Recently, in a total Adrian Monk Moment, I found myself obsessing about words and patterns and crossword bloggers.
Yeah, that's right. Not Drew Brees or Matt Hasselbeck or pangrams or potato latkes or even Joanne's splendicious Nutella Thumbprint Swirl Corn Muffins, but: crossword bloggers.
And not just any bloggers, but the ones who do the heavy lifting; they write (or have written -- some have retired to the Caymans) about the NYT crossword every day. Every single day. Throw an unchecked square at them and they'll laugh at you -- they've seen it all. They're there on the job, every day, blogging the puzzle from corner to corner.
Who are these people? They're Amy Reynaldo, Rex Parker, Ryan and Brian, Jim Horne, Donald (NYT Crossword in Gothic -- I love his artwork), Patrick Merrell, Ross Beresford and (most recently) Deb Amlen.
These folks are amazing -- not only because of their discipline, their intelligence and dedication to the daily dissection of puzzles . . .
They're also amazing because (Monk, you're going to love this!) their names can be symmetrically hidden in a themeless 72-word puzzle. A themeless with a theme. My aortic valve is aflutter with excitement. And for this and this alone, we shall drink champagne tonight.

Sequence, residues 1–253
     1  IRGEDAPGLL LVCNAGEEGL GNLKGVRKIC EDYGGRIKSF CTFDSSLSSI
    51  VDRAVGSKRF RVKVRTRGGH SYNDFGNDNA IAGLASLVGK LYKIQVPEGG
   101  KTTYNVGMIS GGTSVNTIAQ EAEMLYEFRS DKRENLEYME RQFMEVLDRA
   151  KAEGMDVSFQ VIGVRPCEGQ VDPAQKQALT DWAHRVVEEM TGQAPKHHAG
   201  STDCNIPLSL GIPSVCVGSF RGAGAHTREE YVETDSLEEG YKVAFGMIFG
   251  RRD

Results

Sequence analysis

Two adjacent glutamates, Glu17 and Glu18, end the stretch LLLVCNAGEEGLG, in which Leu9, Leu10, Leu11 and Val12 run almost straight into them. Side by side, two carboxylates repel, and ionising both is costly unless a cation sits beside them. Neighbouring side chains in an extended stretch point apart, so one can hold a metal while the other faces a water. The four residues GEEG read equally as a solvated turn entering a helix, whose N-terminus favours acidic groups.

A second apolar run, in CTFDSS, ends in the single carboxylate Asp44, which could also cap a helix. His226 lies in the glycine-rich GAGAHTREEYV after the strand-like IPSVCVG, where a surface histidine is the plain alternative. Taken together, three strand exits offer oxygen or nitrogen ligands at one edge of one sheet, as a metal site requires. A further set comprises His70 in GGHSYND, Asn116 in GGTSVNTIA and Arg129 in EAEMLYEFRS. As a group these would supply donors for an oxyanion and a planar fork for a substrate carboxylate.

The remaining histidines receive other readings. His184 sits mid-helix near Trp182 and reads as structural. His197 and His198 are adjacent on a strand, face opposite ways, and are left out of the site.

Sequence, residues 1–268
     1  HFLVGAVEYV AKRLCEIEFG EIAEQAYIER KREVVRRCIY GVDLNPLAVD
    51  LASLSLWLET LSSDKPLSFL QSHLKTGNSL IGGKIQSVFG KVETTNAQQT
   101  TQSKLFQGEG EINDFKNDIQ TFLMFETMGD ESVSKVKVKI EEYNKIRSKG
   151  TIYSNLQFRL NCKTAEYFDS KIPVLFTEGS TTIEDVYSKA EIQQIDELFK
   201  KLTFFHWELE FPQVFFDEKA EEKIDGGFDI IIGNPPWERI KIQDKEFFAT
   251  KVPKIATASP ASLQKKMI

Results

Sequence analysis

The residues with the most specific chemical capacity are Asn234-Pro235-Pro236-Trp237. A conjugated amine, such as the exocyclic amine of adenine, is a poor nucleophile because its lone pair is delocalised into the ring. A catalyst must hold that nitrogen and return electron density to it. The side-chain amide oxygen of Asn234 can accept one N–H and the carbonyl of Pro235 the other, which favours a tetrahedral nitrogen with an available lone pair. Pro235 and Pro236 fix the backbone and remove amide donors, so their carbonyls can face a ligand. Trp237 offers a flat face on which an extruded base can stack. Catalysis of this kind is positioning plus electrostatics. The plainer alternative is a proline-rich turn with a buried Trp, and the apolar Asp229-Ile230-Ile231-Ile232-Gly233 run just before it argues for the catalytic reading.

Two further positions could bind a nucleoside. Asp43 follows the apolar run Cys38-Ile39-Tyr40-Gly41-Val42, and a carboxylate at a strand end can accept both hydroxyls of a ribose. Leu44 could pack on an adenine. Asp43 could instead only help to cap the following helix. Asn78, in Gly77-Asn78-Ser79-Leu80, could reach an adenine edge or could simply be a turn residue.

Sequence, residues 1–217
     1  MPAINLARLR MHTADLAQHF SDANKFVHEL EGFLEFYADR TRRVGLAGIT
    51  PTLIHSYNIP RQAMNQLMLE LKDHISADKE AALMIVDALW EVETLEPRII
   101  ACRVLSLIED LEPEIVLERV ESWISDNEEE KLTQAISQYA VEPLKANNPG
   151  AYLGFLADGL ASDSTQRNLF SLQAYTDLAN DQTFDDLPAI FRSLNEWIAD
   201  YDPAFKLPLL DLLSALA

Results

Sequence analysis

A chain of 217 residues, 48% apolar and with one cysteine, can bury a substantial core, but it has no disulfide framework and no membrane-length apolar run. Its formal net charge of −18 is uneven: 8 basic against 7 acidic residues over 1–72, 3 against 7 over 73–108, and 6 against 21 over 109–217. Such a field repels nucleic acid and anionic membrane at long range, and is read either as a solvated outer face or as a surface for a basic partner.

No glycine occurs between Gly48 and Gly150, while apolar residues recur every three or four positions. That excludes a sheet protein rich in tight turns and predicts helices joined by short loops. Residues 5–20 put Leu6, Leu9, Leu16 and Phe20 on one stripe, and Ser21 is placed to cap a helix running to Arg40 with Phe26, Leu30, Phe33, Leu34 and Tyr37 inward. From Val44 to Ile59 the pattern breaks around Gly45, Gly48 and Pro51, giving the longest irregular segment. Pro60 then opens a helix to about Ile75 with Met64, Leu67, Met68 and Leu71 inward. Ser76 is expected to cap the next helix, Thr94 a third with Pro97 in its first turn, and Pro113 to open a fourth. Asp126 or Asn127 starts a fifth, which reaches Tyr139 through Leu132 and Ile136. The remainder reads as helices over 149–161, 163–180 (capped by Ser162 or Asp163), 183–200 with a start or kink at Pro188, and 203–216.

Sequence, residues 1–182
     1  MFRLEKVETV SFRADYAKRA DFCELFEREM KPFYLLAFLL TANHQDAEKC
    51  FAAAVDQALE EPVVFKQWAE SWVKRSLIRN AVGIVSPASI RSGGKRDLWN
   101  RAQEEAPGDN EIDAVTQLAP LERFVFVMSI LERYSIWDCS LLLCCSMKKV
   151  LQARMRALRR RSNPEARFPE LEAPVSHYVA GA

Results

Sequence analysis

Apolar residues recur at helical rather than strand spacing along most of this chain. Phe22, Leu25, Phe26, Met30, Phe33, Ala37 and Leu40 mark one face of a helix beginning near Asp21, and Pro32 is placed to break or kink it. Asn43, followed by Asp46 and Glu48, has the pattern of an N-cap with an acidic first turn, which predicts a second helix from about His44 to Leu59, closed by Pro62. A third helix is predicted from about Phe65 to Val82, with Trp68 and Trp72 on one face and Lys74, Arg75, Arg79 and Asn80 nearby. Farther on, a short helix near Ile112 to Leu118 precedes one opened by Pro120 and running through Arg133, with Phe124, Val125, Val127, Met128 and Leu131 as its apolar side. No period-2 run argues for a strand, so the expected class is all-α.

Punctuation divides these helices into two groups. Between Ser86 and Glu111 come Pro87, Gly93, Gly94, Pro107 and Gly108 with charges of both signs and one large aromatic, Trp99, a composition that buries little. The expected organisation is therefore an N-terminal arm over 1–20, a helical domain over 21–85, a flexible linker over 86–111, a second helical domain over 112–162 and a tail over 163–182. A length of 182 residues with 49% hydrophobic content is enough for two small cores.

Now, truth be told -- I had to tweak the Theme Production Process a tiny bit. (Donald, something tells me that you prefer "Donald" over "Don" -- but for symmetric purposes I shall invoke the Corleone Symmetry Technique and call you DON.) Just this once, please. Thank you.
Patrick Merrell, I know, uses "Pat" from time to time. And years ago, Michael Sharp thoughtfully chose to blog as "Rex Parker" -- to help with the symmetry of the themed names.
Time was of the essence. This grid had to be made (no clues, just the grid) before someone with a name like Krzysztof Penderecki starts blogging about the NYT puzzle. Short blogger names -- so symmetric and orderly. So beautiful to behold and befitting of an Adrian Monk Moment.
Aren't they a handsome nonet?